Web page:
Some sunlight that hits the earth is reflected. Some becomes hot. in VS .NET

Generate DataMatrix in VS .NET Some sunlight that hits the earth is reflected. Some becomes hot.

Some sunlight that hits the earth is reflected. Some becomes hot.
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ATMOSPHERE CO2 and other gases in the atmosphere trap heat, keeping the earth warm.
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FIGURE 5-5 Global warming
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FIGURE 5-6 Greenhouse
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FIGURE 5-7 Passive solar in a home
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sun, which will affect how much light and energy passively enters into the home. Your next consideration is the orientation of the home, which is also related to the climate and the solar altitude (Figure 5-9). These factors must be addressed by your architect before the building design begins. A passive solar home has five elements (Figure 5-10): a thermal mass to reflect light and collect heat during the day; an absorbing material to hold and store the heat; an aperture or opening to allow the light energy to enter the home; a control to vary the amount sunlight that is passed;
Five
June 21 (summer solstice) March 21, September 21 (equinox) 23.5 deg
December 21 (winter solstice)
23.5 deg
47 deg
90 deg local latitude
FIGURE 5-8 Solar altitude
http://en.wikipedia.org/wiki/File:Solar_altitude.svg
FIGURE 5-9 Passive solar home orientation
http://dnr.louisiana.gov/sec/execdiv/TECHASMT/ecep/comfort/c/com-c2.gif
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Summer sun
Winter sun Control
Distribution
Absorber Aperture Thermal mass
FIGURE 5-10 Five elements of a passive solar home
http://www.energysavers.gov/images/five_elements_passive.gif
and a method for distributing energy during the evening. These elements must be present and designed correctly for passive solar to function without intervention or mechanical assistance. With proper home maintenance, passive solar elements will last indefinitely no furnace to replace every 20 years, no electricity required, no motors to wear out, and no noise, smell, or toxic chemicals involved. Passive solar is clean, simple, efficient, and free. The same process can be achieved in the vertical (Figure 5-11) using a Trombe wall, named after French engineer F lix Trombe, who popularized its use in the 1960s. These are the basics of designing a passive solar home. You can then design the appearance of the home with your architect, the same as any other home. The details in passive solar energy are in the design and proper implementation. Understanding the concept and knowing the five components of passive solar should help you understand and use passive solar in your home design.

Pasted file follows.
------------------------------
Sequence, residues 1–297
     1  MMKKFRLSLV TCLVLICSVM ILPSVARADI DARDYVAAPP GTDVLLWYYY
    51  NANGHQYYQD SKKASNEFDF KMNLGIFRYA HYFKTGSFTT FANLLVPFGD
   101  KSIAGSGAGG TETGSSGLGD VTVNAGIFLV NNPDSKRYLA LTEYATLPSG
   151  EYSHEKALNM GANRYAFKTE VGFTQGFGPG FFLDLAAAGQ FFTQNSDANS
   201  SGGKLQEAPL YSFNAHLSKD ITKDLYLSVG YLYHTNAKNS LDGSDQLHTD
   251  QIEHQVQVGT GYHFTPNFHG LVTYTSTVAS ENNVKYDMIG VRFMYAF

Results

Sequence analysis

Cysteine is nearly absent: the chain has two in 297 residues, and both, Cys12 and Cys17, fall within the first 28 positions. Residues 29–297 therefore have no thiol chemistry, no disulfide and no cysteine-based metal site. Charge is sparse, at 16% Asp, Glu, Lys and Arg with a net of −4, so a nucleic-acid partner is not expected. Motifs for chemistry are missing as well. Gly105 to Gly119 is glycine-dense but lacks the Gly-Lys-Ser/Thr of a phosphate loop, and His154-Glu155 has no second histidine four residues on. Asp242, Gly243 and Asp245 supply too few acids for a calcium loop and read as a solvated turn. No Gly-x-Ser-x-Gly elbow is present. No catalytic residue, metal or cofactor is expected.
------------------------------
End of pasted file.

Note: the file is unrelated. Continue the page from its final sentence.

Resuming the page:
If you would like assistance or more detail on passive solar design, you can e-mail me at Solar@exploresynergy.org.
Five
Summer sun
Winter sun
FIGURE 5-11 Vertical thermal mass
http://www.epa.gov/ne/eco/energy/images/trombe-wall.jpg
Passive Solar Home Modifications
There is a happy medium between designing and building a brand new home and merely opening the blinds to let the sun into your current home. You can build a passive solar addition to your residence, such as a sunroom (Figure 5-12) a simple and effective way to harness the sun s energy. Many sunroom plans and kits can be purchased and installed. Figure 5-13 shows all five of the components of passive solar in a single room addition. This type of home addition is a relatively low-cost option. The price of a new home may begin at $200,000, but a passive solar addition can cost only a few thousand dollars. Another option is to modify an existing room in your home to make it more solar friendly. Your home is probably built in a square or rectangular format, and one or more sides of your home will likely have some sun exposure. Add a thermal mass floor or wall and some properly placed windows, and you can create a room that most people will envy a warm, quiet, sunny place to sit during a cold winter day. This type of home modification can often be accomplished without disruption to the rest of the home, and at a relatively low cost.
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FIGURE 5-12 Sunroom
http://resourcecenter.pnl.gov/cocoon/morf/ResourceCenter/dbimages/full/ 972.jpg
Good Solar Design
Light and thermal energy are gained in a solar home or room through radiation. The transfer of that energy takes the form of convection. A properly designed space must allow the correct amount of light in and control the amount of energy dissipated. Insulation allows for the containment of energy taken in. Radiation absorption can be increased passively with color. The albedo of an object refers to how strongly it reflects light (Figure 5-14). For example, a white surface will reflect sunlight almost nine times more than a black surface. This means that your thermal mass, the area that stores heat energy, should be dark in color. A light-colored floor or wall may rise in temperature to 80 or 90 F, but a dark-color thermal mass can rise in temperature to 130 or 140 F.
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